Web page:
If I were to open a crime college, a place to learn the fine art of thievery, one class that would assuredly be on the curriculum would be Advance Fee Frauds, commonly known as sweepstakes and lottery frauds. This con involves the victim being told the lie that money is coming their way (usually from lottery winnings, insurance refunds or inheritance) but a fee/tax/processing charge has to be paid first to receive it. This one scheme is responsible for more money being stolen in Hawai‘i than any other crime.
According to the Better Business Bureau, nearly 500,000 people have reported this fraud to various enforcement agencies in North America from 2015 to 2017. In that time, funds lost totaled $344,414,685. However, studies have shown only 1 in 25 cases are even reported to the police.
These scams tend to originate outside of the U.S., mainly in countries such as Jamaica and Costa Rica. Losses to fraud in Jamaica in 2015 (those that had been discovered) amounted to over $38 million. Money that resulted from these scams has been used to buy guns and drugs within Jamaica. In fact, so much money is being made in Jamaica from this scam, that organized crime has dramatically increased, resulting in deadly gang wars between rival fraud groups spilling out onto the streets. As a result of these problems, a State of Emergency has been declared for Jamaica.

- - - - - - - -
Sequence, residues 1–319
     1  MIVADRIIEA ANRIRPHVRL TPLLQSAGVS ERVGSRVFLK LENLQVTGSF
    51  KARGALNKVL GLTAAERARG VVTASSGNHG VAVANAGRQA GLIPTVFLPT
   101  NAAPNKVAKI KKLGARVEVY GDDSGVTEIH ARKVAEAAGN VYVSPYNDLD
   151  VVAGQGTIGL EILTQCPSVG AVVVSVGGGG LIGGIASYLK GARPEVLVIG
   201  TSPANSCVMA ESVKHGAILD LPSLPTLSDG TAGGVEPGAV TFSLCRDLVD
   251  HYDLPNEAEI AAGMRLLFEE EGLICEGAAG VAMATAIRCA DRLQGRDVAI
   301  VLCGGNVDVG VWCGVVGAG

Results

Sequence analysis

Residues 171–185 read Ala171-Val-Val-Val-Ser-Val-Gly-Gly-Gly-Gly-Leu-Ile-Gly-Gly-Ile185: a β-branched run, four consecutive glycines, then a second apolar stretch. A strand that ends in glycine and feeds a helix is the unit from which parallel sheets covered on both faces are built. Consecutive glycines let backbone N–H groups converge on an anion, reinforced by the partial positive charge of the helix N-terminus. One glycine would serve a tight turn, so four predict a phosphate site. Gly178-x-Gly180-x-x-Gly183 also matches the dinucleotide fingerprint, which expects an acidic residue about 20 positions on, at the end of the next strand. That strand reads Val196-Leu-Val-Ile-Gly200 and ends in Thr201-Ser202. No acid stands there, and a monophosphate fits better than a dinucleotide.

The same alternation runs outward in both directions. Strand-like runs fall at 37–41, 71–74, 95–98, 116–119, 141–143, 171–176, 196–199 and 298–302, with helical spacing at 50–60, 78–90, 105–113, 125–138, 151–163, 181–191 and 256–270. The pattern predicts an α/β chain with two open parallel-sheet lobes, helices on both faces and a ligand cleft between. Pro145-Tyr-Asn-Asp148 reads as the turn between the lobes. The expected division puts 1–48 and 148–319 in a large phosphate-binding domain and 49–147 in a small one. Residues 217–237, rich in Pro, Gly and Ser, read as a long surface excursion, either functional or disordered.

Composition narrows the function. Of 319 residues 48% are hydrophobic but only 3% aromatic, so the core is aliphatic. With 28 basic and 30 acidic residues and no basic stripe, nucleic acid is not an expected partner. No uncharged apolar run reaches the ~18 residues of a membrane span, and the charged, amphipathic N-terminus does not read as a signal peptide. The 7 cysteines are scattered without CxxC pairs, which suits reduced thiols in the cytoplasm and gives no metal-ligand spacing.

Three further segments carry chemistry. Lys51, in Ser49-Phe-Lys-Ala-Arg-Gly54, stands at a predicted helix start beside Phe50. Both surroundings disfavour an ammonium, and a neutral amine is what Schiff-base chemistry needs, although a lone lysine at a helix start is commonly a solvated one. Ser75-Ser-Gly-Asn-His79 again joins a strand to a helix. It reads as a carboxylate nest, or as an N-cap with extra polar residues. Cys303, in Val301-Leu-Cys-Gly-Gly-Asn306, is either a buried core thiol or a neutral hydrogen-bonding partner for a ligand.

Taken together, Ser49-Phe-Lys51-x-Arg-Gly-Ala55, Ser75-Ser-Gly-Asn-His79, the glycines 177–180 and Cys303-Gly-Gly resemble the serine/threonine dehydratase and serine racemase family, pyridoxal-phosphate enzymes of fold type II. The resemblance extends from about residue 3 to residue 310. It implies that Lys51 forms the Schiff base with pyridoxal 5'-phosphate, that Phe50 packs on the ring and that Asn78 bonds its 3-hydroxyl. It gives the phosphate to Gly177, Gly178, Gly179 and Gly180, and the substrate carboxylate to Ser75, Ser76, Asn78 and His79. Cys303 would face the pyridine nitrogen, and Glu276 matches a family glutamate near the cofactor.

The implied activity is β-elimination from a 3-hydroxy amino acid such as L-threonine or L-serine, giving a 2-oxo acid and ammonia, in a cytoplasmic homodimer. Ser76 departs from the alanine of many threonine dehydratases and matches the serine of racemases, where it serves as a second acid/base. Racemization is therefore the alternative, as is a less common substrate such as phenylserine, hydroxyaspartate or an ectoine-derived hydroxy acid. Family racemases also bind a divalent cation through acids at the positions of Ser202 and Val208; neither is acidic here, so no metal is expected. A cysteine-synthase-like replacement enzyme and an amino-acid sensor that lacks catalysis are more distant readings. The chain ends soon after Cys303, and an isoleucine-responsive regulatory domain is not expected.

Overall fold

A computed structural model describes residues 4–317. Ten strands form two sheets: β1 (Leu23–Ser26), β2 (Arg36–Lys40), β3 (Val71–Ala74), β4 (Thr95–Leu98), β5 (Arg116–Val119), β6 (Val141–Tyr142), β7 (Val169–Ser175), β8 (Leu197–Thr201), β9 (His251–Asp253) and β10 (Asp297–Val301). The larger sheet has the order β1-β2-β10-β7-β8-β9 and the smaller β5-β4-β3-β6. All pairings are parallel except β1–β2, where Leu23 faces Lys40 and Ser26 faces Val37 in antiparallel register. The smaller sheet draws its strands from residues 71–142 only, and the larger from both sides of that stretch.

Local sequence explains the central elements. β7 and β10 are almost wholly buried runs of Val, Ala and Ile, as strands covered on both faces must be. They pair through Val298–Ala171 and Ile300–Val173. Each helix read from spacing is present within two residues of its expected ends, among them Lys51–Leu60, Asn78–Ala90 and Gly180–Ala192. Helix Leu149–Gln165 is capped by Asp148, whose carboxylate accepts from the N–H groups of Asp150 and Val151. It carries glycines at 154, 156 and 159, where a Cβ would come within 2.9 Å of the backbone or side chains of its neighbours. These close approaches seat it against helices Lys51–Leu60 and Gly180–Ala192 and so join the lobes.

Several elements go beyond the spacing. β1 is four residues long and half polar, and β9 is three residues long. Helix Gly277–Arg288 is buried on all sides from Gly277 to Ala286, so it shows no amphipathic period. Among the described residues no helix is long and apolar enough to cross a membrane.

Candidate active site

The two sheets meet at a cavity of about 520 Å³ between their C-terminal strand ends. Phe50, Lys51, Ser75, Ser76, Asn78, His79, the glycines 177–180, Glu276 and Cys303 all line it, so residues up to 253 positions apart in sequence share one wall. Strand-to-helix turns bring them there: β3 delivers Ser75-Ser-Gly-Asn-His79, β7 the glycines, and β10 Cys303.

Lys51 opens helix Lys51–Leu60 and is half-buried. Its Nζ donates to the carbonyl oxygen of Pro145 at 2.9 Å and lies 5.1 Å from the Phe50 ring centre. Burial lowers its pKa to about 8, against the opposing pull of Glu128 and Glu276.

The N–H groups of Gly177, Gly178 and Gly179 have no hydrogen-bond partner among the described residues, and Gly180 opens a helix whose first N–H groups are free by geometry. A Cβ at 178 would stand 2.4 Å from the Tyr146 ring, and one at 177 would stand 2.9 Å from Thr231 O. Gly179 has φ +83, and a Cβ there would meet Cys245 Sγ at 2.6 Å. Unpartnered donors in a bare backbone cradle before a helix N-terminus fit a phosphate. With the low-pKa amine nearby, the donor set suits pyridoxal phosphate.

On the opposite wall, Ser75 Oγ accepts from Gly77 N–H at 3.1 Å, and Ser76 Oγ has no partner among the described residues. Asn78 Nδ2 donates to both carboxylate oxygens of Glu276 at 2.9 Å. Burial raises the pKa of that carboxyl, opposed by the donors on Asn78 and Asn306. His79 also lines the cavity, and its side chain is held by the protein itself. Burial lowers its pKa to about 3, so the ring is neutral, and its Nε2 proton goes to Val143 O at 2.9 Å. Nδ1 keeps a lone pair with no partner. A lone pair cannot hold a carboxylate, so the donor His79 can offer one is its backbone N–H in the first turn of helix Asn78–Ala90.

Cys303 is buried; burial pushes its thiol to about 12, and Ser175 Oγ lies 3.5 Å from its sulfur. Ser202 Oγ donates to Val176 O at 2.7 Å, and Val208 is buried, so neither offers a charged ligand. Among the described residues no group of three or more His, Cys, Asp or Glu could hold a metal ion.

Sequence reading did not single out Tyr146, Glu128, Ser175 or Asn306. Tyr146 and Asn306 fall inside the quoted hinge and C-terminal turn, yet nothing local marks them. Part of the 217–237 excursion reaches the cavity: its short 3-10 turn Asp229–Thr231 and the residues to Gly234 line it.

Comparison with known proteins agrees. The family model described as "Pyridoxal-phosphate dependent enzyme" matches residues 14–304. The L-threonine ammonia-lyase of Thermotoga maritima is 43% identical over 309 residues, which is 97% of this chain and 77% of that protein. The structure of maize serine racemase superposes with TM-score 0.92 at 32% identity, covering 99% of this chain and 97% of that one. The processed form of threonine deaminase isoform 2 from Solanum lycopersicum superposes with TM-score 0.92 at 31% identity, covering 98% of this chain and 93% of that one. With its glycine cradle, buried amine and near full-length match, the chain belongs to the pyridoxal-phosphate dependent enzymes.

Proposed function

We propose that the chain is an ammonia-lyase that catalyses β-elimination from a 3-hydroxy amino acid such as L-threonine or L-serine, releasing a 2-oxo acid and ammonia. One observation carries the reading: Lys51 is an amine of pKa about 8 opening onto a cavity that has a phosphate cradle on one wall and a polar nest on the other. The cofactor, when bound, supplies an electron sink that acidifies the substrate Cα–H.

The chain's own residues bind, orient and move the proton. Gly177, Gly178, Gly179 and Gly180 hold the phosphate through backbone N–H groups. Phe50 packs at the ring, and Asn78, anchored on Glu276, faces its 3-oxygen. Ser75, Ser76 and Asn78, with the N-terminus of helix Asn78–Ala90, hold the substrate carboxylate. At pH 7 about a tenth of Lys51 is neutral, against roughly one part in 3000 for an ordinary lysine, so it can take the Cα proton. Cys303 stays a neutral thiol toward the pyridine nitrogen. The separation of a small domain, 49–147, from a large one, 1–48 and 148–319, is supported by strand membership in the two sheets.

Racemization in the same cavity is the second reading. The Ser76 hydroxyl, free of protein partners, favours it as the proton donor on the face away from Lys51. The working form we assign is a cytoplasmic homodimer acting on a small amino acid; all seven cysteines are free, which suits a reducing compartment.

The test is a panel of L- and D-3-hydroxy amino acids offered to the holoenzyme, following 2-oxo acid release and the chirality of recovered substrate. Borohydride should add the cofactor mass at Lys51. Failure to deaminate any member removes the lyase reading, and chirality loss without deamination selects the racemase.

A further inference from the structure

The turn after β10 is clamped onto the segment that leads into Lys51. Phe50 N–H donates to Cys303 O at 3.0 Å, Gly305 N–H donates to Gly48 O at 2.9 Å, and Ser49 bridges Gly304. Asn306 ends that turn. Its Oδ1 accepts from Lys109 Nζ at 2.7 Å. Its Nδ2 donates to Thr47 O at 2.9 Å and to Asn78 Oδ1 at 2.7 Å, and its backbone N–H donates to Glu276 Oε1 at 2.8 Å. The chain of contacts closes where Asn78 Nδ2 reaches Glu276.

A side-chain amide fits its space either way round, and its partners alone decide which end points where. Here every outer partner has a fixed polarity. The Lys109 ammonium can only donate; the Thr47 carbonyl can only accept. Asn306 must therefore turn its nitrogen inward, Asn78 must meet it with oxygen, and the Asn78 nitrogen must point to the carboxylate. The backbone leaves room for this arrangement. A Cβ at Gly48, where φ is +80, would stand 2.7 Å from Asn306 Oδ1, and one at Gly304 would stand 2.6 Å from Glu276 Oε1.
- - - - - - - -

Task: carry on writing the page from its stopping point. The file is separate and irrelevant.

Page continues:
Countries such as Jamaica and Costa Rica both have large English-speaking populations, which is effective when speaking to potential victims. They claim they are from somewhere within the U.S., giving a false sense of security to victims, and slowly convince them they are not being scammed.
Costa Ricans tend to use Voice Over Internet Protocol (VOIP), also known as internet phones, which give them the ability to change their area code. They often claim to be from a government agency to give potential victims a false sense of security when providing payment for taxes, fees, transportation, and/or security, for their “winnings.”
Operations in Canada, Israel, Spain, and the Philippines have been linked to these sweepstakes/lottery scams, too. They tend to “spoof” phone numbers, resulting in area codes that appear to come from within the U.S. — Las Vegas or Washington D.C. area codes are often used.
The takeaway from all this is people need to realize that there is no “free lunch” and they are not lucky enough to get something for nothing. As I explained in the Oct/Nov 2017 and Dec/Jan 2018 issues (online at www.generations808.com under “Wisdoms”), a person in Hawai‘i has a ZERO percent chance of winning the lottery. Too many people have fallen victim to this scam and have fueled crime and violence all over the world.